Vegans eat only plant foods, and these include fruits, vegetables, legumes (dried beans, peas, and lentils), grains, seeds and nuts. People who follow a vegan diet do not eat any animal products or animal bi-products, including eggs, dairy products and meat. It is important for people who follow a vegan diet to be aware of what foods they should consume in order to meet their nutritional needs.
Key Nutrients of a Vegan Diet
- Protein is important for growth as well as the function of enzymes and hormones, and production of milk for women who are breastfeeding. Although vegans do not eat any animal products, they can still meet protein recommendations by eating a varied and complete diet. Examples of foods high in protein that vegans can consume include soy milk, tofu, peanut butter, beans (e.g. Pinto, kidney, garbanzo, and black), quinoa, and lentils.
Omega-3 Fatty Acids
- Omega-3 fatty acids are beneficial for brain function and vision. They also help to reduce inflammation and may decrease the risk of heart disease. Vegans can obtain omega-3 fatty acids from flaxseeds, walnuts, canola oil, and soy products.
- Calcium is important for bones and teeth, in addition to muscle and nerve function. While most Americans get their calcium from dairy products, vegans can get calcium from dark green leafy vegetables such as broccoli, Bok Choy, Chinese cabbage, collards, and kale. Vegans can also get calcium from foods fortified with calcium, such as fruit juices and tofu. It may also be beneficial for a vegan to take an additional calcium supplement.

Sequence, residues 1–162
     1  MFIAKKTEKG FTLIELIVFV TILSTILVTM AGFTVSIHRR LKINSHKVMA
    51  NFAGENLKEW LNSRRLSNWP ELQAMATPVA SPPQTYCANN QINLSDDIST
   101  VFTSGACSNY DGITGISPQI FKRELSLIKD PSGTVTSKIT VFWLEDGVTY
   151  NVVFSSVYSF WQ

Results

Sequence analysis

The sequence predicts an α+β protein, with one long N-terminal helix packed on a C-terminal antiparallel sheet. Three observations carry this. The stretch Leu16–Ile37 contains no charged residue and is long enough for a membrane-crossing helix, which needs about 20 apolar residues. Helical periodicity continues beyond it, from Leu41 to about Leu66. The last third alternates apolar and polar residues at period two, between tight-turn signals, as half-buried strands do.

- Vitamin D plays an important role in calcium absorption. The best way for vegans to get their vitamin D is from the sun and by taking a vitamin D supplement.
- Vitamin B12 helps with red blood cell and nerve functioning. Because most vitamin B-12 comes from animal products, vegans need to get Vitamin B12 from a supplement or through soy milk or nutritional yeast that is fortified with vitamin B-12.
- Iron is needed by blood cells to carry oxygen and carbon dioxide throughout the body. While iron found in animal products is more easily absorbed by the body, vegans can still get iron from plant foods. Some good plant sources of iron include broccoli and other dark green, leafy vegetables, as well as lentils and dried fruits such as raisins, apricots, peaches, and prunes. Plant sources of iron are better absorbed by the body when eaten with foods containing vitamin C–such as Brussels sprouts, strawberries, citrus fruits, broccoli, collard and mustard greens, and cantaloupe.
- Zinc assists with carbohydrate metabolism and contributes to a well-functioning immune system. Vegans can obtain zinc by consuming soy products, legumes, grains and nuts. Like iron, zinc is best absorbed by the body when consumed with vitamin C-rich foods (see above for ideas of vitamin C-rich foods).
- Iodine is needed for healthy thyroid function, which helps regulate metabolism. Because iodine in plant foods is inconsistent and dependent upon the iodine content of the soil, a vegan diet may be low in iodine. Therefore, it is recommended that vegans strive to not only include plant foods rich in iodine in their diet–such as seaweed, soybeans, sweet potatoes, broccoli and cabbage—but also use iodized salt or take a multivitamin that contains iodine.
Did You Know?
Since most vitamin B-12 comes from animal food sources, vegans tend to have low consumption of it. Vegans should be aware of vitamin B-12 levels in their diet and consider taking a vitamin B-12 supplement, if needed.